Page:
The Hanging Gardens of Beatenberg caters to all. Evident by the amount of various radio play their first track ‘Rafael’ has received the last month, the debut album has spoken to the masses, due to its scattered assortment of pop culture and emotions.
With tracks such as ‘Cavendish Square’ and ‘Southern Suburbs,’ this trio of boys have taken their accounts of their city Cape Town and revealed a connection to its places and faces they encounter, with echoing vocals and percussion.
Although this band punts their album within the pop sect, Beatenberg have a serious musicianship background, which shines through in the post-production process of the album. Intricate details heighten the listening experience, with additional piano compositions and finite guitar chords that melt together to expand and almost surprise the listener with a kwela elemental sound, as if marimbas and trompie instruments piece together the levels.
The quality of the recording progress stands true to its form, working in layers, as the harmonies bounce off each other.
‘Ithaca’ begins its melody with a drum beat suggestive of an immersive clicking sound. Followed by a guitar riff that hollows my ears out to a scene dressed with trickling juices, the track travels with depth as it progresses.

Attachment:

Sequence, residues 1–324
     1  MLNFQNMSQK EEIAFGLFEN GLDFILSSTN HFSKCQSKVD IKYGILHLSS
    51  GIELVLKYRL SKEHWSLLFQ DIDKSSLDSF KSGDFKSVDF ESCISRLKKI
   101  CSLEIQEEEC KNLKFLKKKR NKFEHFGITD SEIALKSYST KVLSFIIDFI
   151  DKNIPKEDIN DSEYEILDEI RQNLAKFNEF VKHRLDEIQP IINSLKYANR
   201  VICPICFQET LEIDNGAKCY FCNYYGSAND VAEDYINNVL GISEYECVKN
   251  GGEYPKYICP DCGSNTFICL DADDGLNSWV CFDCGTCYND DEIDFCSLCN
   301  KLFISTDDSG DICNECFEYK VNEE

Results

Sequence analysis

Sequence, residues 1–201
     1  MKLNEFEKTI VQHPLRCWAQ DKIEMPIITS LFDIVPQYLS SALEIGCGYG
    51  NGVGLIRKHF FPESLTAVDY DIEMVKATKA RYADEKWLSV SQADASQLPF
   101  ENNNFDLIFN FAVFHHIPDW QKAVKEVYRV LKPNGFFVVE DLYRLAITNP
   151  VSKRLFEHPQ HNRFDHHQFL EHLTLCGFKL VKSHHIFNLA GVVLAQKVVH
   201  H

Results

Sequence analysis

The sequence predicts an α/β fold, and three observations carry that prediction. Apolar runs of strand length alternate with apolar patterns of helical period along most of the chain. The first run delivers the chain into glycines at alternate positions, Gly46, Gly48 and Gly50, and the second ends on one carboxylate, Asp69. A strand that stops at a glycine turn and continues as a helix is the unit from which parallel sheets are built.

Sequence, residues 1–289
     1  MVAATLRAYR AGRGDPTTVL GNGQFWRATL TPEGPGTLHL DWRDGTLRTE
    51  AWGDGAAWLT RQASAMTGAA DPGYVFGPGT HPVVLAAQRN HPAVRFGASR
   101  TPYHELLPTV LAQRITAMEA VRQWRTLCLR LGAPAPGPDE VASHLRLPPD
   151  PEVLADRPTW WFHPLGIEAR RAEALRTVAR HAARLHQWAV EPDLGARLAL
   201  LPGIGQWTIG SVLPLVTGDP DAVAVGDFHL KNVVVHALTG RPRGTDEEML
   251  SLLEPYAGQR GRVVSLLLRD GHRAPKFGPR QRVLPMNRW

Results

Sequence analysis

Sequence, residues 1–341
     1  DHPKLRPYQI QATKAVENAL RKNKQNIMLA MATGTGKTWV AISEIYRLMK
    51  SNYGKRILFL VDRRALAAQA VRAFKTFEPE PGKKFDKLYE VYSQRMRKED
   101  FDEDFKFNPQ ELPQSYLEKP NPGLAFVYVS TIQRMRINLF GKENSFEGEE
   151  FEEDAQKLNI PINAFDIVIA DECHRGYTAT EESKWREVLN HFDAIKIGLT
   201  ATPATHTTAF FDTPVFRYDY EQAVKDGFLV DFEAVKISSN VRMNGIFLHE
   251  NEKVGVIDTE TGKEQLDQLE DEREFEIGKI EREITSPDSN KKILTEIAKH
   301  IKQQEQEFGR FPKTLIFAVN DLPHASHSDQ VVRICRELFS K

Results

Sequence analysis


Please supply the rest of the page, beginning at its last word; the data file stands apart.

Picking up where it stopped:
The sentiment lies in its appeal to cross pollinate genres, even its fundamental pop form. Smooth jazz is found in ‘Cavendish Square’ as Matthew Field embraces a soul feel in his voice. ‘Facebook Apologia’ has a more sensual RnB subdued feel, while ‘Echoes’ has a higher tempo with a more electronic keyboard element.
In its muchness, The Hanging Gardens of Beatenberg is a collective sound, embracing musicality in a popular context and not defined by a particular niche moment. Mostly arranged by feel good hymns, different genders, races and ages will most likely be attracted to its niceties.
Words by Tamara Arden